In women, this type is less common. It is often accentuated after menopause because of the loss of estrogen protection, but there is rarely a total loss of hair. The diameter of the hair becomes thinner and thinner, shorter and without pigment, allowing visibility of the scalp.
If a woman suddenly seems to be suffering from alopecia, or follows a male pattern, with other manifestations of hyper-androgenism (hirsutism, acne, changes in her voice …) it could be due to a virilising disorder, or also a tumour producing androgen (adrenal cancer, or ovarian cancer).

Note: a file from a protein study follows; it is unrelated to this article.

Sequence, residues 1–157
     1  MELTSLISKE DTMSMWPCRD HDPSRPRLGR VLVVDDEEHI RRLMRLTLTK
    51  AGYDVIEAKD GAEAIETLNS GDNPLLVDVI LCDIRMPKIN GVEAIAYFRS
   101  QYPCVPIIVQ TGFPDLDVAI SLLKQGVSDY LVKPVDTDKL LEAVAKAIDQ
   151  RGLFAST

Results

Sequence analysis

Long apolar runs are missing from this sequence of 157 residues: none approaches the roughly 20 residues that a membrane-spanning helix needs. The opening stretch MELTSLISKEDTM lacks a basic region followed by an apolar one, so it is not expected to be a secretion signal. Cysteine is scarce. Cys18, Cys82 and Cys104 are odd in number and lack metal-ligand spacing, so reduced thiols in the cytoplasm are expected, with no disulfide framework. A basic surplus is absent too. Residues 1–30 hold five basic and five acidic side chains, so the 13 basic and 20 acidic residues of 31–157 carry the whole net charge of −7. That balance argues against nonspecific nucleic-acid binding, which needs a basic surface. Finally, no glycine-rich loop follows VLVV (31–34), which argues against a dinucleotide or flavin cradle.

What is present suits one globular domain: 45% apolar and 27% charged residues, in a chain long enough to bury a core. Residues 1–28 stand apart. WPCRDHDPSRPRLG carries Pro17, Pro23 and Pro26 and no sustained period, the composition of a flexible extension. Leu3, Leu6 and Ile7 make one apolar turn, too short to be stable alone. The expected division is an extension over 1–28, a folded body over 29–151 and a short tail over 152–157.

Hair loss of the female type is also called androgenetic alopecia, since we consider it to be the same type that affects men, but the need for androgen is less defined than in men and distribution of hair loss is usually different. Women may therefore be considered more fortunate than men, because androgenetic alopecia appears only at the front of the scalp, leaving hair thin, and only rarely causes complete baldness as in men.